Hairspray is a breath of fresh from the normal Broadway musicals that trudge their way through the British stages. Too often the jukebox musicals have a plot you could write on an extra small fag packet with only a passing interest in their source material. Though this musical never quite lives up to the subtle brilliance of John Water’s original film, it’s an utter joy to watch.

Top billing goes to Tony Maudsley as Edna Turnblad who gives an effortless performance.

Tracy Turnblad is a young girl with dreams of becoming a famous TV dancer. When one of the dancers on the Corny Collins show must leave the Tracy sees her opportunity. Despite Velma Von Tussle’s body shaming shenanigans Tracy's talents shine through and she finds herself on the show. Trouble ensues when she leads a protest to turn the racial segregated show into an integrated one.

The productions real strength comes from a solid script and Marc Shaiman’s 60s’ soul inspired score. It has real heart and tackles the topics of racism and body weight without becoming trite or over sentimental. The ending is schmaltzy and slightly inconsistent with the rest of the show, but I’m sure most people won’t mind that all the character arcs are tied up in a neat little bow.

Some of the jokes failed to land on the night, not because they were bad, but because some cast members delivered them as jokes rather than something their character would earnestly say. It’s a fine line between satire and chewing the scenery and it’s important to get it right with a script laden with quality gags. At the very least they managed to get a usually conservative Edinburgh audience to give around of applause to a few dick jokes – something I’ve often failed to do!

Freya Sutton does a great job of holding the production together; her carefree fun-loving performance is infectious. The character is sweet and earnest without becoming a trite irritating Disney princess.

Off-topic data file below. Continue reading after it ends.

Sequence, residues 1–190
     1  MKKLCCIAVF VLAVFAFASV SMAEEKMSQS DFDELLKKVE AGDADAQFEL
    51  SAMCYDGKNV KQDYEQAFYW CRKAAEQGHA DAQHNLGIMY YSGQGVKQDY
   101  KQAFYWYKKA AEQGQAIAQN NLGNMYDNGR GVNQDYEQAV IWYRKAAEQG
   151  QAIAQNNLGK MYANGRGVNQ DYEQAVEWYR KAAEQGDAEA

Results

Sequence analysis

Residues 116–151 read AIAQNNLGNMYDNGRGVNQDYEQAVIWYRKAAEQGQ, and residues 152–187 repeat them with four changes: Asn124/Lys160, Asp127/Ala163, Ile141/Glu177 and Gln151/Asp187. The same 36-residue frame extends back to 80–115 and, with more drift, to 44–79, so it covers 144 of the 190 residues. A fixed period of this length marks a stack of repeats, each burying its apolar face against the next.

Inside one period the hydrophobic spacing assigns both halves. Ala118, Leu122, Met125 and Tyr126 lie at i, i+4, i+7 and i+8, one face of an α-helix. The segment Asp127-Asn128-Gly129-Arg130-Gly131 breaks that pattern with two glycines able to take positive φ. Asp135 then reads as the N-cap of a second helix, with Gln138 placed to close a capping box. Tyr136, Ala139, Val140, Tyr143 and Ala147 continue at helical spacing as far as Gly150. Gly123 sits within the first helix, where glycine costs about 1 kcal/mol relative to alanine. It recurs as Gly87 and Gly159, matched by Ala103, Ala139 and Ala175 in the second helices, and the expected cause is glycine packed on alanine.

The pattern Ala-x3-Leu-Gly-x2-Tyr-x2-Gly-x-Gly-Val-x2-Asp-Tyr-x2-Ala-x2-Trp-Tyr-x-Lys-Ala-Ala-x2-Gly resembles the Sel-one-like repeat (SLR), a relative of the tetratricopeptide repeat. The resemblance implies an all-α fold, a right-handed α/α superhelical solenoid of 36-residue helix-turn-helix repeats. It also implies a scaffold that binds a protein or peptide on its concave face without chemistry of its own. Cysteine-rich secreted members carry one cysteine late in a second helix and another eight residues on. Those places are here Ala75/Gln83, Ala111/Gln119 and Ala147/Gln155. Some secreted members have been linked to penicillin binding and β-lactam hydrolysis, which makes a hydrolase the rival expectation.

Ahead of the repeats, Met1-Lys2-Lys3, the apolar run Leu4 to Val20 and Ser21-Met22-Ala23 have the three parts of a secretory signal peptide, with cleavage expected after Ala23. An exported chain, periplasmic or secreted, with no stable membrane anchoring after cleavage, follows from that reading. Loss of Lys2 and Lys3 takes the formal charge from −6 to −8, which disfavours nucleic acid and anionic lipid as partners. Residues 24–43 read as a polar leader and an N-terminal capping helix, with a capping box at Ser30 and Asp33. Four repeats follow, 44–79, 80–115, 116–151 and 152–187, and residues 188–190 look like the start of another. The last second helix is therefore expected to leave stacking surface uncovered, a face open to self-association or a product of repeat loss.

Top billing goes to Tony Maudsley as Edna Turnblad who gives an effortless performance. Maybe it’s his time spent working with soon to be realised national treasure Andy Hamilton, who truly understand how to construct a good comedy character. Too often this role is played for cheap laughs but Maudsely inhibits the part to the point it’s often easy to forget that there is an actor on stage at all.

Hairspray is a joy to watch and if you don't come out humming with a smile on your face you might need to go home and hold a mirror under your nose to see if you are still breathing.

Reviews by James W. Woe

The New Theatre

The Voice Factor [X]

Smock Alley Theatre, 1662

God Has No Country

Smock Alley Theatre, 1662

The Quare Fellow

Gilded Balloon at the Counting House


Pleasance Dome

Lou Sanders: What's That Lady Doing?

Gilded Balloon Teviot

Colin Hay: Get Rid of the Minstrel




The Blurb

Hairspray is back, with a brand new production of the smash hit musical comedy.

It’s Baltimore, 1962 where Tracy Turnblad, a big girl with big hair and an even bigger heart, is on a mission to follow her dreams and dance her way onto national TV. Tracy’s audition makes her a local star and soon she is using her new-found fame to fight for equality, bagging local heartthrob Link Larkin along the way!

Hairspray is the irresistible feel-good show that is guaranteed to have you dancing the night away. Let your hair down and book now!